Where we balance gain against expenditure of time and effort, the brain has some highly evolved routines that have developed over our history. The oldest of these would be how we forage for food. But, we also have a knack of borrowing strategies developed for other purposes and using them in new situations.
Pirolli and Card (1999) found, for instance, that we use our food foraging strategies to navigate digital information. Like food, information online tends to be “patchy” and of varying value to us. Often, just like looking for a food source, we have to forage for information by judging the quality of hyperlinks that may take us to those information sources or “patches.” Pirolli and Card called these clues to the quality of information that may lie on the other end of links information scent.
Tied with this foraging strategy is the concept of Marginal Value. This was first proposed by Eric Charnov in 1976 as a evolved strategy for determining how much time to spend in a food patch before deciding to move on. In a situation with diminishing returns (ie depleted food supplies) the brain must balance effort expended against return. If you happen on a berry bush in the wild, with a reasonable certainty that there are other bushes nearby (perhaps you can see them just a few steps away) you have to mentally solve the following equation – how many berries can be gathered with a reasonable expenditure of effort vs. how much effort would it take to walk to the next bush and how many berries would be available there?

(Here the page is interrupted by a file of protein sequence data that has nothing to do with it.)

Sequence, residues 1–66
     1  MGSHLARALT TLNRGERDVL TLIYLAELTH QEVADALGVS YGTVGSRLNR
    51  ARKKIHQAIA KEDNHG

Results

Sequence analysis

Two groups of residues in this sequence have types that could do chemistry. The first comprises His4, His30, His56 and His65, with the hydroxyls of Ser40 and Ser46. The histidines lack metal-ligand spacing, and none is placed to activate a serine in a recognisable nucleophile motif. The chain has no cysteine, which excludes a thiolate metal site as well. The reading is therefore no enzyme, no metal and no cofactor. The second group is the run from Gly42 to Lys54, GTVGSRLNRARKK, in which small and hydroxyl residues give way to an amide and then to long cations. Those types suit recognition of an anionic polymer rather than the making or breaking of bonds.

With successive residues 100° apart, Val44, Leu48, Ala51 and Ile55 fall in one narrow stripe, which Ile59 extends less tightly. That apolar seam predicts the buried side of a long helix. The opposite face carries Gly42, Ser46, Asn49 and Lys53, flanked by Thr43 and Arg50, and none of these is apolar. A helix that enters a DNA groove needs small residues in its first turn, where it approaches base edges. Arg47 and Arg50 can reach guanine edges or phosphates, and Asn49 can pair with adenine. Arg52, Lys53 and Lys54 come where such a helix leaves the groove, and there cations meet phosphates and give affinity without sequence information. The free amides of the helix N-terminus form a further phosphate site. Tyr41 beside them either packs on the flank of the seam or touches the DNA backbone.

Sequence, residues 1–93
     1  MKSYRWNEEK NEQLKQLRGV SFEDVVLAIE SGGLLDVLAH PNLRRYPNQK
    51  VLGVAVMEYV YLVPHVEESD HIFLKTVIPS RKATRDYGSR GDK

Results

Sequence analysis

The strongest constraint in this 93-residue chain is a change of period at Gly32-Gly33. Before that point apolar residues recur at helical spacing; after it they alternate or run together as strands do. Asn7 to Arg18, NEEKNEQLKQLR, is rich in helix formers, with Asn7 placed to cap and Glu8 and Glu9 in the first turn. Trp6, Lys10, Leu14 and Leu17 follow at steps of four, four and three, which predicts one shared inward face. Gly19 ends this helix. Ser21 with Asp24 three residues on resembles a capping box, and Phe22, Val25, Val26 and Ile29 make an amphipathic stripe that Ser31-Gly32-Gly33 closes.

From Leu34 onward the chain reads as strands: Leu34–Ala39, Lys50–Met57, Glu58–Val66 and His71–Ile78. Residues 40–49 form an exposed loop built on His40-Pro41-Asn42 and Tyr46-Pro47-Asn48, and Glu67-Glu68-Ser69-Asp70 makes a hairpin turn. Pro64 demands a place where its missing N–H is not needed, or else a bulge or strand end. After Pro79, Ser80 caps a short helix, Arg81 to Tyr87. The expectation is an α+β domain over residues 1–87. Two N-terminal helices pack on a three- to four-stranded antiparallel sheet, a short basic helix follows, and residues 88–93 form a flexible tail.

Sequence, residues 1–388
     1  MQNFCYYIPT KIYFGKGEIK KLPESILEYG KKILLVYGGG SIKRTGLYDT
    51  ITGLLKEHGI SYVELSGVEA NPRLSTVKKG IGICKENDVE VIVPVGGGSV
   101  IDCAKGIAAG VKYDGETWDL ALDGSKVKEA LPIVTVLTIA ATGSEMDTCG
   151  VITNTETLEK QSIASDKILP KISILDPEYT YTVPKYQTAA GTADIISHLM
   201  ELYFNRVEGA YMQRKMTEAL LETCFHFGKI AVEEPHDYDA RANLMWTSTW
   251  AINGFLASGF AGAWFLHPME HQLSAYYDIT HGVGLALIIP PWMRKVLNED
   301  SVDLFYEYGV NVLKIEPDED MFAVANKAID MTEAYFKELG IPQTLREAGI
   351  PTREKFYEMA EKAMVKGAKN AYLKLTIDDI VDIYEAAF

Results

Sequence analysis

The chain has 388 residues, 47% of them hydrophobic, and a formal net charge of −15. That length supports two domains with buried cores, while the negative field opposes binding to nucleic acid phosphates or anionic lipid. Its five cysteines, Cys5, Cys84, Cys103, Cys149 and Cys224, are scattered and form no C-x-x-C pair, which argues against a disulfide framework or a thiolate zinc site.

This is somewhat analogous to information foraging, with one key difference. Information isn’t depleted as you consume it. So the rule of diminishing returns is less relevant. But if, as I suspect, we’ve borrowed these subconscious strategies for judging usefulness – both in terms of information and functionality – in online environment, our brains may not know or care about the subtle differences in environments.
The reason why we may not be that rational in the application of these strategies in online encounters is that they play out below the threshold of consciousness. We are not constantly and consciously adjusting our marginal value algorithm or quantifiably assessing the value of an information patch. No, our brains use a quicker and more heuristic method to mediate our output of effort – emotions. Frustration and anxiety tell us it’s time to move onto the next site or application. Feelings of reward and satisfaction indicate we should stay right where we are. The remarkable thing about this is that as quick and dirty as these emotional guidelines are, if you went to the trouble of rationally quantifying the potential of all possible alternatives, using a Bayesian approach, for instance, you’d probably find you ended up in pretty much the same place. These strategies, simmering below the surface of our consciousness, are pretty damn accurate!
So, to sum up this post, when judging the most useful way to get a task done, we have an evaluation cascade that happens very quickly in our brain:
- If a very familiar task needs to be done in a stable environment, our habits will take over and it will be executed with little or no rational thought.
- If the task is fairly familiar but requires some conscious guidance, we’ll retrieve a stored procedure and look for successful feedback as we work through it.
- If a task is relatively new to us, we’ll forage through alternatives for the best way to do it, using evolved biological strategies to help balance risk (in terms of expended effort) against reward.
Now, to return to our original question, how does this evaluation cascade impact long and short-term user loyalty? I’ll return to this question in my next post.